Before You Watch

This video will describe the concept of comparing two continuous numerical variables and formally testing whether responses to one variable are associate with responses from the other variable. This builds on the Random Variables video where variables type is described, as well as the Turning Data Into Information- Two Variables video where exploratory visual comparisons are described.

Reminder: a numerical variable is a variable where the possible responses are numbers which reflect the quantity, or amount, of something. Take for example height, in centimeters, or weight, in kilograms.


Now What?

This video introduced how to determine if two numerical variables are related to each other, and whether that relationship is statistically significant or not. You can look to further develop your understanding of this concept by looking to the Other Links listed below. Alternatively, how to determine if two categorical variables are related is covered in Association Between Two Categorical Variables: Chi-Squared Test.

But When Am I Going to Use This?

Statistics is essential in the study of systems of situations where there is an unpredictable random element. This includes a huge number of situations, such as any system that involves living things, which always have a degree of unpredictability. In fact, any studies that involve people involve statistics: for example, medical processes, education and economics. Other areas statistics can be applied to include quality control, stars, nature, or how wear and tear affects machinery.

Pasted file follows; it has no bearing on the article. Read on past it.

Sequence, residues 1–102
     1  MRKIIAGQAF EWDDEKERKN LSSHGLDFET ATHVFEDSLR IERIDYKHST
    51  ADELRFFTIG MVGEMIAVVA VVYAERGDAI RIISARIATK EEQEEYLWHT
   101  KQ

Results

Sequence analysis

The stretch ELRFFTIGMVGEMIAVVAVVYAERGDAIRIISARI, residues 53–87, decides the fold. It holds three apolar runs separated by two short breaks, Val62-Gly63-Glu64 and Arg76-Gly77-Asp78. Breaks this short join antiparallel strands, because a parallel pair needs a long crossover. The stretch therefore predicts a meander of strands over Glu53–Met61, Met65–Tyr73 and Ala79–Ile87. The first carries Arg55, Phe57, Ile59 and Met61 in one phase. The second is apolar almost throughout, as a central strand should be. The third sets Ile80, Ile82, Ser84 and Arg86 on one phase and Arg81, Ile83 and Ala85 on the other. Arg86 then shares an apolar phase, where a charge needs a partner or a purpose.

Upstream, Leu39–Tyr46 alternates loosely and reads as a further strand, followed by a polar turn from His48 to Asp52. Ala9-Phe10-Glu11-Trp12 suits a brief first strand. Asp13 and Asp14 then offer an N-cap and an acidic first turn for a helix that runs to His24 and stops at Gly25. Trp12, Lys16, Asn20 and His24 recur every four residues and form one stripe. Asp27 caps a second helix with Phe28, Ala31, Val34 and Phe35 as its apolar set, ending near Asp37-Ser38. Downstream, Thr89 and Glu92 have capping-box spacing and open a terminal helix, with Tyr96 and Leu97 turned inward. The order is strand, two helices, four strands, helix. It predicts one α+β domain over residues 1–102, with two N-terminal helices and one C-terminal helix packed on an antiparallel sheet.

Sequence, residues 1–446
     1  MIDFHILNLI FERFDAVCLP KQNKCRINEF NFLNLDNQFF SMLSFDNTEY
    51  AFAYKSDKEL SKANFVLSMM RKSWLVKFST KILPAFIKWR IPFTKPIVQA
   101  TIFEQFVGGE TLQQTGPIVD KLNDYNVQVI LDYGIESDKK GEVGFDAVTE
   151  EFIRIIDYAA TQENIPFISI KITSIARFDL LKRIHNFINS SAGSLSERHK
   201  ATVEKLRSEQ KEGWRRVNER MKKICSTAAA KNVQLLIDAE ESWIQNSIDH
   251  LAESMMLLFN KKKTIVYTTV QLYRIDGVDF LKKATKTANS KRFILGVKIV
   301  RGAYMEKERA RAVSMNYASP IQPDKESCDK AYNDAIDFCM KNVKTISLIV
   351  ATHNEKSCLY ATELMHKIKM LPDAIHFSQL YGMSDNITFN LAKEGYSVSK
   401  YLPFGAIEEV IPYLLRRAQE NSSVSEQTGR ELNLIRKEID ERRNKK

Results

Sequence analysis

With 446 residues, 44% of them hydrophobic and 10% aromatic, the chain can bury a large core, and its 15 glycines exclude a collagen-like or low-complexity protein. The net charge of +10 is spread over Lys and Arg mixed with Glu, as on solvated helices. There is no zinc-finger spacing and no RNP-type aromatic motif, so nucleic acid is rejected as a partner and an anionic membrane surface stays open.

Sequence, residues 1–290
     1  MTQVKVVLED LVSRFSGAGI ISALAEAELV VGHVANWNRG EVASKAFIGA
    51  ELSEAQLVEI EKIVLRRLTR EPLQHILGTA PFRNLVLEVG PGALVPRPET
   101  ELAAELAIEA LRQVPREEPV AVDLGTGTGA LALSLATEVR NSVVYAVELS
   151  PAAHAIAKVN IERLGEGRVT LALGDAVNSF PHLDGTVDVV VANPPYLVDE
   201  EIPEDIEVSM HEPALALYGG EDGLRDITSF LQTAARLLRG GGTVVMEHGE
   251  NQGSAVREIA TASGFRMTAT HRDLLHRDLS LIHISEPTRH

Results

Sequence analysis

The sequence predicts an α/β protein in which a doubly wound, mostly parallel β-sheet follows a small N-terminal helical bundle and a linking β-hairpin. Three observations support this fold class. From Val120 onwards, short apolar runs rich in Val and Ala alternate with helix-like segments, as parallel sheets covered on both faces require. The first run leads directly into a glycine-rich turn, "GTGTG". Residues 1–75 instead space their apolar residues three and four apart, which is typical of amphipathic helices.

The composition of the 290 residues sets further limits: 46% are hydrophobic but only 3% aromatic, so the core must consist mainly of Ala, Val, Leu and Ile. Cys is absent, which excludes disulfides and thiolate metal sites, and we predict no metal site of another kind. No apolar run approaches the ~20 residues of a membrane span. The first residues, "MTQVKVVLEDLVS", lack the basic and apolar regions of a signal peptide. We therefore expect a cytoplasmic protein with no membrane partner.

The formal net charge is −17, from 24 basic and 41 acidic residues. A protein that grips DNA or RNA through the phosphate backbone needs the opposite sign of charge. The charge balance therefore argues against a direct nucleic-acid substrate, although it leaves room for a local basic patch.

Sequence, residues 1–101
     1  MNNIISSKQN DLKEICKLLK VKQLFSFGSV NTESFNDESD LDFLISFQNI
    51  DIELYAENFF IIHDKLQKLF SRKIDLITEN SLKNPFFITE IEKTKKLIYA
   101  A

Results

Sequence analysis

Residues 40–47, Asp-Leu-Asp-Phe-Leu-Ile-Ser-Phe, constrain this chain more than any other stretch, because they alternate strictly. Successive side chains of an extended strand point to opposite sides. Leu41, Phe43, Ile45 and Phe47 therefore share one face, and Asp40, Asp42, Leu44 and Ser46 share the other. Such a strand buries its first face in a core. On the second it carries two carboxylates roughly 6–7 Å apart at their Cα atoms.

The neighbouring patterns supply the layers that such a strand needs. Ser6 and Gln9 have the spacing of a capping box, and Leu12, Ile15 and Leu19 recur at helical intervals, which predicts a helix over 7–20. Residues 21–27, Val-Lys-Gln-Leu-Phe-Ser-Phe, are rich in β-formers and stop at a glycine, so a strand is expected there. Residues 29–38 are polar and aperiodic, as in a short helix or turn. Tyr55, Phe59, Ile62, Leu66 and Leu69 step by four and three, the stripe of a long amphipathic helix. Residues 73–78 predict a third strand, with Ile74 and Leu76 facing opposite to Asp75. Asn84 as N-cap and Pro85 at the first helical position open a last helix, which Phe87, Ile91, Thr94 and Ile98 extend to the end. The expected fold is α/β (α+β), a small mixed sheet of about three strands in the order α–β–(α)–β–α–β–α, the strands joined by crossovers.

Other Links

A YouTube video made by the Statistics Learning Centre in NZ gives an overview of data types using animation that is easy to understand and fun.  Note that numerical data types has been given alternative names.  Interval and ratio data are used instead of discrete and continuous.  It is a slightly different approach but the same principle.

If you really want to understand types of data, along with appropriate statistics and graphs, you can learn on our new Snack-size course. Takes about an hour, and lots of fun!

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